Councils have called for clarity around the spending of money raised from the soft drinks sugar levy, saying it should be used to tackle physical inactivity and ensure a Commonwealth Games legacy.
The levy, designed to reduce consumption of sugary drinks, has raised around £1.2 billion since its introduction.
However, campaigners have raised concerns that spending reviews have failed to ring-fence the income for programmes to improve children’s health and food, despite Government commitments.
The Local Government Association (LGA) is calling for the money to be invested in council-run initiatives to boost physical activity and “find the sporting champions of the future” as the country celebrates the success of the Lionesses’ Euro 2022 victory and the Commonwealth Games in Birmingham.
Only 45% of children are meeting the chief medical officer’s guidelines of one hour of physical activity a day, according to a Government report, with data collected by councils also revealing rates of childhood obesity were still above their pre-pandemic levels.
The LGA said it was uniquely placed to run weight management initiatives in local communities as it already ran a number of initiatives to tackle obesity, including delivering the National Child Measurement Programme.
However, it said the Government cut funding for locally commissioned adult weight management programmes earlier this year, meaning a number of councils have had to cancel schemes to help people lose weight.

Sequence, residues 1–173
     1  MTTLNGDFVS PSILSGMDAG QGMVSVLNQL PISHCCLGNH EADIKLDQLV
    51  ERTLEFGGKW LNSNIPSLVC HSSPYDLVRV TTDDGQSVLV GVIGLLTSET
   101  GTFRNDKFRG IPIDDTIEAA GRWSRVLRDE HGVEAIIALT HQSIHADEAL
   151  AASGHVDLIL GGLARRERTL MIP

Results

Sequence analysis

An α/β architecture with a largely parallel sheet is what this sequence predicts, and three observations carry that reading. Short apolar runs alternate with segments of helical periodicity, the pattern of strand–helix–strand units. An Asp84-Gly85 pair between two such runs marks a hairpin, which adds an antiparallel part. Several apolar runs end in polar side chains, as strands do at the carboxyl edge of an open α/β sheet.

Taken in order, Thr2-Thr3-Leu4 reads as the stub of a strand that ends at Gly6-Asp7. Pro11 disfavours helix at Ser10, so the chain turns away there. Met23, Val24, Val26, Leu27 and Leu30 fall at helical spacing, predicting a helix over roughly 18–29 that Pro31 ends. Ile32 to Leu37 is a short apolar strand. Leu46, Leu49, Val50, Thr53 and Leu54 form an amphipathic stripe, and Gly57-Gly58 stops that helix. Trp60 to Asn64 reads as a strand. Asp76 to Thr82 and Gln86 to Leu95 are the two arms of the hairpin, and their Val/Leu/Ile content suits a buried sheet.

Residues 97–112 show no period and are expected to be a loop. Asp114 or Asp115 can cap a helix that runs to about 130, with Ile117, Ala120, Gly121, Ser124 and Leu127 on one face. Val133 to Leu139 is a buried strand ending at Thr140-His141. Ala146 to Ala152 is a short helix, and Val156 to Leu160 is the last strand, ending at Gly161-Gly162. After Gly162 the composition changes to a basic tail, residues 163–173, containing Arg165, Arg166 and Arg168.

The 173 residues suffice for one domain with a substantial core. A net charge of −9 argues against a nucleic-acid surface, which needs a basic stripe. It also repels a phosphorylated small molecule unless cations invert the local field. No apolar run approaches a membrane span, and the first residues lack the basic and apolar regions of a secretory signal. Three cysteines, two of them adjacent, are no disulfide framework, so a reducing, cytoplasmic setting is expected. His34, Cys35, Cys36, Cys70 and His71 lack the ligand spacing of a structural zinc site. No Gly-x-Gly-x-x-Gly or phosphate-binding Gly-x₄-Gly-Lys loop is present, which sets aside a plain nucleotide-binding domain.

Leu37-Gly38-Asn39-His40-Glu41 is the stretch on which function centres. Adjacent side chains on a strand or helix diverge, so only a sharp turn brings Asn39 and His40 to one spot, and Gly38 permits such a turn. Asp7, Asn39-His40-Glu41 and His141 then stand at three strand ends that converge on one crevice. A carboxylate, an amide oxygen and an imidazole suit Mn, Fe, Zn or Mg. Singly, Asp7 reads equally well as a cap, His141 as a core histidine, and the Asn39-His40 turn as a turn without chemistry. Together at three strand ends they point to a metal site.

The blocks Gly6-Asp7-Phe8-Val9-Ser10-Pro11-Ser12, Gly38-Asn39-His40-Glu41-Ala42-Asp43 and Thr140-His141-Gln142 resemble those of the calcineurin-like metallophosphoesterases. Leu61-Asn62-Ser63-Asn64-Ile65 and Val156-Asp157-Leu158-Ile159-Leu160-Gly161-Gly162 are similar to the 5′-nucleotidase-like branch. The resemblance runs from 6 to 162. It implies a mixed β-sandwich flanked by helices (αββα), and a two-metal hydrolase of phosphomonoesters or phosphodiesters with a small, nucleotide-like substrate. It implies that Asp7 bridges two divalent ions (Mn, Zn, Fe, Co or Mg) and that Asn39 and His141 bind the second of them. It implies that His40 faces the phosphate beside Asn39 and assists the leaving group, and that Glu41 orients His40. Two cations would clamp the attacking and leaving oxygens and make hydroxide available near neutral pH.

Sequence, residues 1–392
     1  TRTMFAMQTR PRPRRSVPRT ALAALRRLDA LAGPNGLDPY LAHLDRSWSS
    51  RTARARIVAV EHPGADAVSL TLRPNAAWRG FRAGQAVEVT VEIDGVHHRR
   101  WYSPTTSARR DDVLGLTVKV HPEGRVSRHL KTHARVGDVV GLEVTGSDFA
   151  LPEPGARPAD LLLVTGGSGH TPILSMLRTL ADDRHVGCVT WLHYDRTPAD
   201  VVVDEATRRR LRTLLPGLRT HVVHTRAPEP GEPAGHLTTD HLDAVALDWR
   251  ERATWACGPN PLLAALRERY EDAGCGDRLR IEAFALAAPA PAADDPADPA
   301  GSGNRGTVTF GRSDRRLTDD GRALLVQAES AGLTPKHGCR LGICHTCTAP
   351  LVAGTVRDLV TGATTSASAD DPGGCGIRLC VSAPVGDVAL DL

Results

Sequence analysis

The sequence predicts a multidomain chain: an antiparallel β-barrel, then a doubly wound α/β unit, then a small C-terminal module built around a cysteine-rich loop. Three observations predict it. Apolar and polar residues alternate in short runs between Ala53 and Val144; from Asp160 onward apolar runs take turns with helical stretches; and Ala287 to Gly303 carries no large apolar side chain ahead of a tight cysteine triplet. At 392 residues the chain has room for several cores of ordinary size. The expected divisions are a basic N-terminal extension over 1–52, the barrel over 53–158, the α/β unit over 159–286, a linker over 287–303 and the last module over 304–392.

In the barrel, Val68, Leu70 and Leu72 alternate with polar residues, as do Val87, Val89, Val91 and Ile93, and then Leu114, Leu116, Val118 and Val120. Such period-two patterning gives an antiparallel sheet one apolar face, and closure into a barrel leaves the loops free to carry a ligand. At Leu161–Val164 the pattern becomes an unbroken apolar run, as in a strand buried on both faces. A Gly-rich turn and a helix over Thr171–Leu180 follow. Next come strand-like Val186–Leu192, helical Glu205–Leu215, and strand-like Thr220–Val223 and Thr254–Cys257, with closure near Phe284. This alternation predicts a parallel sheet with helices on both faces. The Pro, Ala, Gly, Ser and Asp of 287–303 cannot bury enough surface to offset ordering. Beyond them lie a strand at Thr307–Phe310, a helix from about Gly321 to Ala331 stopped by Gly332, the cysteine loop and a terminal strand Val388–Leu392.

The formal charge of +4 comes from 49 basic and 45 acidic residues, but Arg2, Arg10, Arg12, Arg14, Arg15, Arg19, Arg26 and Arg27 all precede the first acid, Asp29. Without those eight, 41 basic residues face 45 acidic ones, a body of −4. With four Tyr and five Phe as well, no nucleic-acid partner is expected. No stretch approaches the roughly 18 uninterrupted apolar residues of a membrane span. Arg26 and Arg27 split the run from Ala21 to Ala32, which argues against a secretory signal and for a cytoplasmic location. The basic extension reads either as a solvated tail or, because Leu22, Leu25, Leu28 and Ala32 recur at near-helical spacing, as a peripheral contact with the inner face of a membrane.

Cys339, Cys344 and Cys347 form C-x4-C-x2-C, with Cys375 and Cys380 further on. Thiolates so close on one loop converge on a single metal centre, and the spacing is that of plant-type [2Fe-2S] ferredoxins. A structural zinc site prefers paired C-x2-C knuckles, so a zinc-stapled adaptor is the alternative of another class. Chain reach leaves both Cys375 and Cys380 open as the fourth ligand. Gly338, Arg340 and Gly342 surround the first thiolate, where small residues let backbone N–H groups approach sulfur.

David Fothergill, chairman of the LGA’s Community Wellbeing Board, said: “The whole country has been incredibly proud of the achievements of our Lionesses and Commonwealth Games champions, many of whom started their journeys into elite sport at council-run sports facilities.
“If we are to capitalise and ensure a lasting legacy from these successes, we’ve got to get as many children active as we can.
“The sugar levy has been used as one of many tools to tackle growing levels of obesity across the country. However, it is concerning that it is increasingly unclear how the revenue generated from this is spent.
“It is vitally important that money raised through the levy is reinvested in physical activity programmes in local communities and other support to tackle childhood obesity.”
Gerald Vernon-Jackson, chairman of the LGA’s Culture, Tourism and Sport Board, said: “Sporting events like the Commonwealth Games are fantastic at influencing international perceptions of the UK and marketing the UK to international visitors. But we must ensure that participation boosts fuelled by events like these are not short-lived.
“Councils provide the majority of public swimming pools and leisure facilities, which are now under increased pressure as a result of rising energy costs. Urgent intervention is needed to prevent council-run leisure facilities from closing under cost-of-living pressures.
“Coupled with long-term investment in public sport alongside major UK sporting events, this will help to inspire people to be more active for generations to come.”
A Government spokesperson said: “We have gone above and beyond by spending hundreds of millions more than the levy’s actual revenue directly on programmes to help children get active and eat healthy.
“This funding has expanded the national school breakfast programme, the holiday activities and food programme, and the PE and sport premium for primary schools.”